Have I now spent more than $99 on the tech I bought to circumvent that fee? Yes. Yes I have. But I think I may have an arguably better setup tech-wise, and I’ll be paying Comcast a little less each month in hopes of assuaging my guilty conscious for actually upgrading cable (ugh!) in the face of football season… despite my best intentions.

(And, of course, that also assumes I’m able convince Comcast to take off all the extra charges they’ve been trying to add since I made the switch from cable box to CableCard — which will require a trip down to the local office and a turning-in of all of their equipment, along with getting someone there to believe me when I tell them — truthfully — they I never received some equipment that they say I have. Par for the course?)

Once I decided to go with the TiVo, I did come up with some other reasons. The TiVo offers support for Netflix and Amazon On Demand, meaning less switching to the Roku box; it supports Xfinity On Demand, which means I can stop paying for Hulu Plus, and it’s got all sorts of iOS bells and whistles that might make it fun for the long-haul.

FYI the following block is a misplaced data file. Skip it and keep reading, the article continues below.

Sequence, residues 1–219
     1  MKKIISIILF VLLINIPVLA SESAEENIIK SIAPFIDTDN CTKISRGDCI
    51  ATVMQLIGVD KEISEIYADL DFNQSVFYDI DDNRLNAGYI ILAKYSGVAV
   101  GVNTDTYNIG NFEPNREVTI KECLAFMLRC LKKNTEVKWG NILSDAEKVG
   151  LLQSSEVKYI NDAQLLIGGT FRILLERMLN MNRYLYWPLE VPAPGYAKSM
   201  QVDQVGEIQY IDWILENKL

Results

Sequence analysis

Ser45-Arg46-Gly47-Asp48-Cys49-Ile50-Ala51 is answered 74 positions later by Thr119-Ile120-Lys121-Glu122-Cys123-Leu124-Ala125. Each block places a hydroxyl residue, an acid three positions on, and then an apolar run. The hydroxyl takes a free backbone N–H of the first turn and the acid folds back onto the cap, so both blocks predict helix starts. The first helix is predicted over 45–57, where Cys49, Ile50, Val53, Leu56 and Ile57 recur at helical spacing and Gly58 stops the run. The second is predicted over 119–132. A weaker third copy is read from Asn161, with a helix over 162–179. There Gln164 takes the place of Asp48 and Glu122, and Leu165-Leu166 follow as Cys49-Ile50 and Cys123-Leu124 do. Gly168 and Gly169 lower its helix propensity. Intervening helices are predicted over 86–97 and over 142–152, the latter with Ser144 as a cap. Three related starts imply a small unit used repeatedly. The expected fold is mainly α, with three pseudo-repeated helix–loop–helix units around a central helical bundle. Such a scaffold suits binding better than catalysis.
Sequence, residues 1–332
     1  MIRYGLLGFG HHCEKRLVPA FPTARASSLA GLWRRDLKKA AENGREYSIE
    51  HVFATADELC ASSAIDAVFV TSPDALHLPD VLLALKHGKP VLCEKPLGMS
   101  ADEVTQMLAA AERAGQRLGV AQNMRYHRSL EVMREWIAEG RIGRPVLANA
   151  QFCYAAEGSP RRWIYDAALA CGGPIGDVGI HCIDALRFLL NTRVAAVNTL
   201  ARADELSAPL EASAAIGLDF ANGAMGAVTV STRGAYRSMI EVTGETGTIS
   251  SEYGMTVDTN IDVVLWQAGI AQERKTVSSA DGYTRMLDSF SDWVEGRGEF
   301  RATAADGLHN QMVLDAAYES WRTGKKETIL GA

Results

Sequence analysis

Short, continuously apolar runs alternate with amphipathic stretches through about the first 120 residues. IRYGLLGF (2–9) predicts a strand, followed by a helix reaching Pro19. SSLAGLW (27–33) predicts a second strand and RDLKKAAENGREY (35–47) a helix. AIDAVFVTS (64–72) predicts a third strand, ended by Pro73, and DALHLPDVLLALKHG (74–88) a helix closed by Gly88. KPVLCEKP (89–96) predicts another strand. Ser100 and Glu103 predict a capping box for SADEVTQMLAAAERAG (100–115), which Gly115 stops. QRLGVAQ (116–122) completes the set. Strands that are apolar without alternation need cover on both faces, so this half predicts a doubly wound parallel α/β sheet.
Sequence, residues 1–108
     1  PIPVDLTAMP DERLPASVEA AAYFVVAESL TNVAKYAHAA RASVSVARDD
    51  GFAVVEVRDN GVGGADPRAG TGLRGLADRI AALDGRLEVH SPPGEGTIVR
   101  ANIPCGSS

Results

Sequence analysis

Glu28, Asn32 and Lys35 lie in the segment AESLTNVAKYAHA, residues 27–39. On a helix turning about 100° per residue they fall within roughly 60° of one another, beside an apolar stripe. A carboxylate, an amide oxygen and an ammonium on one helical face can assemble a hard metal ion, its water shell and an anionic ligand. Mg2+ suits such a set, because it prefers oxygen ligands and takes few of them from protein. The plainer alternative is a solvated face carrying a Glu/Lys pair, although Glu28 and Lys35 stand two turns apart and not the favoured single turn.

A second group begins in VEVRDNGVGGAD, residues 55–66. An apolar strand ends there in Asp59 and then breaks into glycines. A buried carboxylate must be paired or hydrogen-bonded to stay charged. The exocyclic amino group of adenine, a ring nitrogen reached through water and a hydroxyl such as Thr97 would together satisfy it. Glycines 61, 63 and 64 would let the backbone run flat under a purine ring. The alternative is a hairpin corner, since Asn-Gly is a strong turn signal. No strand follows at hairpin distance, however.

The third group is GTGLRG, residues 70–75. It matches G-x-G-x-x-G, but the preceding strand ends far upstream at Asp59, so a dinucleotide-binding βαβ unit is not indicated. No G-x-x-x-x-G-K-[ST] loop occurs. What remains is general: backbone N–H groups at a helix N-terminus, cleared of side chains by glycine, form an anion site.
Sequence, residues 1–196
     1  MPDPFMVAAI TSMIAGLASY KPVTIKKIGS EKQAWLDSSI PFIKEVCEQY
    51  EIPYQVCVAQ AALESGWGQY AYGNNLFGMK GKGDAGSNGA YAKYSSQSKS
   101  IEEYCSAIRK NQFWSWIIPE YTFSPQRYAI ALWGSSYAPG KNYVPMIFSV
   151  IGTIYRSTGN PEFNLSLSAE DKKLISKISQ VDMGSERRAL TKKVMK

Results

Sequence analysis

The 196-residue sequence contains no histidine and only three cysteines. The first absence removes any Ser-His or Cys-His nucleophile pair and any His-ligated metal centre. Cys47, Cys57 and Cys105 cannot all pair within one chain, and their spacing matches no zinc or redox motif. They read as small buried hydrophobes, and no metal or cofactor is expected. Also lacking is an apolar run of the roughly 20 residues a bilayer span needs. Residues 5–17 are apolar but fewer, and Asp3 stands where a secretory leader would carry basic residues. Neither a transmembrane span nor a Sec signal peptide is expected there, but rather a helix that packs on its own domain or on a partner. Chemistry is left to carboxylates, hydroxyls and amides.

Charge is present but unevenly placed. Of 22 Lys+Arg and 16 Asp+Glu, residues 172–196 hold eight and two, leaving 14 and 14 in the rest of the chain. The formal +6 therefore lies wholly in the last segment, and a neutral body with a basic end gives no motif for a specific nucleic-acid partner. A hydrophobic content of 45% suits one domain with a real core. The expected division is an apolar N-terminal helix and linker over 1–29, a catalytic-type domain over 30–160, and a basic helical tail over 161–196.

So how is all that working so far?

Roamio, Roamio

What initially impressed me when I jumped back into the world of TiVo — a company I hadn’t thought about in years — was the marketing and packaging of the Roamio. The Roamio is a step up from the “geek-centricity” of their previous-generation products, with friendlier designs, an apparent focus on simplicity and some steps forward that worked specifically for me — like Comcast CableCard support.

I opted for the base model Roamio because it can support an OTA antenna in case I ever decide to kill off cable again “for good.” (Spoiler alert: Not likely, but we’ll see after the Super Bowl.)

The Roamio Plus ($399) offers more capacity (double the HD storage) and built-in streaming to iOS and Android devices; something that requires an extra $129 TiVo Stream box if you opt for the base model Roamio. Still, I liked the idea of starting cheap (I got mine slightly used on eBay for around $120) and working my way up.